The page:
The Little Black Book of Innovation | How it Works – How to do it

How it Works – How to do itScott D. Anthony

Harvard Business Review Press

Companies spend billions of dollars to advertise products that customers don’t want
Large companies are capable of doing amazing things, but when it comes to innovation, they just scratch the surface.
Marketing teams are busy producing PowerPoint documents on products rarely to be launched.
Companies often look for opportunities by saying something along the lines of: We have things to sell. Who will buy them?

What would you offer your 3-year old child for Christmas?
Dora The Explorer toy laptop, or an iPad?

The customer may very well prefer an offer that is sense & simplicity over complex & technical (what we call overshooting)

What is innovation? Something different that has impact. Impact means measurable results.
The word “technology” does not appear there. The word “creativity” does not appear either. Creativity, of course, can help in the innovation process. But innovation is a process that combines discovering an opportunity, blueprinting an idea to seize that opportunity, and implementing that idea to achieve results. No impact, no innovation.

Take Leonardo Da Vinci and Thomas Alva Edison. Both men were geniuses. Da Vinci was a creative genius. His ideas didn’t have impact at the time. Innovation is not an academic exercice where we think, think, think, but never do. The stock ticker-tape symbol, phonograph, incandescent light bulb, motion-picture industry… all have their roots in Edison’s labs in New Jersey. They all were different. They all had impact.

The new normal is perpetual change
In today’s world, innovation is not an option. And it may require walking away from the things you view as your core competency. Imagine: What if we were legally prohibited from selling to our current customer base?

Ted Levitt, “Marketing Myopia“:
Customers have problems. The company has potential solutions.
People don’t want quarter-inch drills. People want quarter-inch holes.

Peter Drucker, “Innovation and Entrepreneurship“:
Companies need to take a customer-first perspective to succeed with innovation.
Nobody pays for a product. What is paid for is satisfaction.
The customer has a problem to solve or a job to get done.
Now, if you go to your customers and ask them what job they are trying to get done, you are likely to be met with a blank stare. You just need to keep asking Why…? Hence…? And Therefore…?

Why do you want to buy a drill?  – I need to drill a hole.
Why do you need to drill a hole?  – I need to hang a picture.
Why do you need to hang a picture?  – I want to make my living room look nicer.
Why do you want to make your living room look nicer?  – My mother-in-law made an offhand comment about the room last time she visited, and I don’t want this to happen again…

The goal is to move from a solution to the source of the problem. Deep understanding of the problem can reveal the customer dream solution. Train yourself to spot signs of frustrations at your customers’.

A.G. Lafley, “The Game-Changer“:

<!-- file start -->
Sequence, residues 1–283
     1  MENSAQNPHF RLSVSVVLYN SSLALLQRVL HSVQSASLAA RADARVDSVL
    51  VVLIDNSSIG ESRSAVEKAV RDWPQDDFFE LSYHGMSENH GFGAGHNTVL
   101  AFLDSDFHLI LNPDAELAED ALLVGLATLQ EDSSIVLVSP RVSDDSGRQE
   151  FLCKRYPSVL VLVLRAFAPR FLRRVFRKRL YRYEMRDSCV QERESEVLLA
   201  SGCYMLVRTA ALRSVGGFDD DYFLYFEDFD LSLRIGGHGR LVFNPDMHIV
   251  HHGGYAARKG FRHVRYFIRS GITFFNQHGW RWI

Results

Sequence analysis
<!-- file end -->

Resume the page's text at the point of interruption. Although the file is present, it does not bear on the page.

Innovation is a process that can be managed and measured. The key to successful innovation is a customer-is-boss mindset. We have one and only boss. The Customer.

You need to focus on the customers wants and needs. You need to spend time with your target customers. You need to appreciate not just what the customers were saying, but also what they were feeling or unable to articulate. You need to understand what the person says he or she wants and needs, what he or she can’t easily articulate.

There are two moments of truth. The moment a customer chooses a product. The moment the customer uses a product.
Triple the amount of time you spend with your customers. Get the marketers out of HQ to spend time with the customer. It will help you feel their hopes, dreams, frustrations, and desires. This is a critical input to spot opportunities for innovation.

Joseph Schumpeter, “Capitalism, Socialism, and Democracy“:
The problem that is usually being visualized is how capitalism administers existing structures, whereas the relevant problem is how it creates and destroys them. Sometimes you have to destroy in order to create.
Schumpeter coined the term “creative destruction“.

Vijay Govindarajan, “Ten Rules for Strategic Innovators“:
Existing companies that want to master strategic innovation have to carefully borrow some core capabilities, thoughtfully forget others, and systematically  learn some completely new skills.

Dave Goulait, P&G Innovation Productivity Team:
To do something different, you have to do something different. It is almost Einsteinian in its simplicity.
If your mission is to shake up the corporate establishment, or to create what does not exist, you simply cannot do the same thing that everyone else is doing.
Historically great companies such as Kodak, Digital Equipement Corp., IBM, Sears, General Motors, Sony, Nokia, Microsfot, RIM (…) stumbled by doing precisely what they were supposed to do.

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Filed under 1 – Where To Play, 2 – How To Win

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